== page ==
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Do I need to fall in love of everything?

  1. Dec 29, 2015 #1
    I'm a second year grad student within engineering physics and after this I am going to take a master in theoretical physics. My plan is to go even further with a PhD when I am done.

    The thing is, I really don't enjoy some parts of my education. I love the theoretical part of almost everything, I am really good at very abstract math and physics but I feel that classical mechanics is one of the most boring things I have ever done. The theory and derivation of it is fine but when it comes to the problem solving it feels like the only thing I am doing is reading some 400 years old methods and repeating it.

    So my question is, do you need to like the whole "package" to be a good physicist or is it normal to feel like this about some areas in the field?
     
  2. jcsd
  3. Dec 29, 2015 #2

    DrClaude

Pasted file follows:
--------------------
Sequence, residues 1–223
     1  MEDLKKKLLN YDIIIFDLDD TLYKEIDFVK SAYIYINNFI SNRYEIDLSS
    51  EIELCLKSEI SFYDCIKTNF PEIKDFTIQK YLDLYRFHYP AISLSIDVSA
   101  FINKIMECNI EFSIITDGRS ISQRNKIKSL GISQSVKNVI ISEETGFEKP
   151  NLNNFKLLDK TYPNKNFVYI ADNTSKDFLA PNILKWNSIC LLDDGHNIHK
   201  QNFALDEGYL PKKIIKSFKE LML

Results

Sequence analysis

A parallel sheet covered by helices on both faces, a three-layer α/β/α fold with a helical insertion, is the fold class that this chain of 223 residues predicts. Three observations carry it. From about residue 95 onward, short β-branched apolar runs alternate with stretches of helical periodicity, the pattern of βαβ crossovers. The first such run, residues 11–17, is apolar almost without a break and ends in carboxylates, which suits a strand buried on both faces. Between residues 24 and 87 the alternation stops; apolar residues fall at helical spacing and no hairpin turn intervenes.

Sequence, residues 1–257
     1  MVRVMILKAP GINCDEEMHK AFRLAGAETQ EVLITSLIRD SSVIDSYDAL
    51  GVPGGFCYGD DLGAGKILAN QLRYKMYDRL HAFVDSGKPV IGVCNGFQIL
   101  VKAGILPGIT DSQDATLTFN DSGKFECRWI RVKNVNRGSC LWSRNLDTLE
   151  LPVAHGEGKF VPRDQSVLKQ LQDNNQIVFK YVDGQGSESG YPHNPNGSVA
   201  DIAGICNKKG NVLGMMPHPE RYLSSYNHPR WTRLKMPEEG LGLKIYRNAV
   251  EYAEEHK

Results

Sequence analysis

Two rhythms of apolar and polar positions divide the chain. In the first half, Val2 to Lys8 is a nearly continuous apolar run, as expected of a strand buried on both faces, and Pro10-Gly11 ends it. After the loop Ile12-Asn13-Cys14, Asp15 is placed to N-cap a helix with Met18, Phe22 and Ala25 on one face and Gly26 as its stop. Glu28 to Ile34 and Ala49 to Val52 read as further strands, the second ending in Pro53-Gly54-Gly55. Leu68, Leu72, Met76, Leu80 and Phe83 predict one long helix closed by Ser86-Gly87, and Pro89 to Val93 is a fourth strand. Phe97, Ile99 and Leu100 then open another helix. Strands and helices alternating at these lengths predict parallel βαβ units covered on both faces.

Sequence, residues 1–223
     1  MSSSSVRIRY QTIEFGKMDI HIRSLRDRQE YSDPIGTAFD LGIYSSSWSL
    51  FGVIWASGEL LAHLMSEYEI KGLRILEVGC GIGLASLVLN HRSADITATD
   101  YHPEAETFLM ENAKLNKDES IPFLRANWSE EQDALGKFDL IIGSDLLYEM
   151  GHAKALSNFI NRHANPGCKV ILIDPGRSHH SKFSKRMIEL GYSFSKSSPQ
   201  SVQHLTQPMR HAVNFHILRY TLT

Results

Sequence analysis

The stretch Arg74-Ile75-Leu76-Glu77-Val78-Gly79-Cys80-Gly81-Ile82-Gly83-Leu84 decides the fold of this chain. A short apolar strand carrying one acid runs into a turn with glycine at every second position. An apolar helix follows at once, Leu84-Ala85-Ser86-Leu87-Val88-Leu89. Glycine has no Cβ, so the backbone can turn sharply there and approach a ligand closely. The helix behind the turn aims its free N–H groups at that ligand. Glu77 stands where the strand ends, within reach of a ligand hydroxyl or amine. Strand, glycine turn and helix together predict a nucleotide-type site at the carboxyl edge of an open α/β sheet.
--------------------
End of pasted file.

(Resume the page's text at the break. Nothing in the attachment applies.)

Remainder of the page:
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    Staff: Mentor

    There can be many reasons why you don't like some parts of physics. Sometimes it can have nothing to do with you, like a bad teacher or a bad textbook, but here can be things which you just don't care about. The important thing is not to dismiss these areas. Do your best in these classes, as you never when something you found boring will be highly important to really understand something you care about, or whether some methods learned for x will be useful to solve y.

    Simply bear with the material you don't love, and one day you might be done with it and concentrate on what you do love (until you're asked to teach that boring subject :wink:).
     
  4. Dec 29, 2015 #3

    jtbell

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    Staff: Mentor

    I had trouble getting "into" classical thermodynamics. I got a B- in my graduate course on it and had to repeat it. Then I ended up having to teach an undergraduate thermo course for several years! :eek:
     
  5. Dec 30, 2015 #4
    Haha you are so right! The thing is, I am really good at things like classical mechanics but I still find it so boring. I like the theory and I the fact that I understand how rigid bodys move and how I can use Hamilton and Lagranges equations for systems but when I see those problem sets with bike wheels and homogenous bars and all kinds of stuff like that I just want to put all the books aside, I guess thats why I'm more into theoretical physics than normal engineering :)
     
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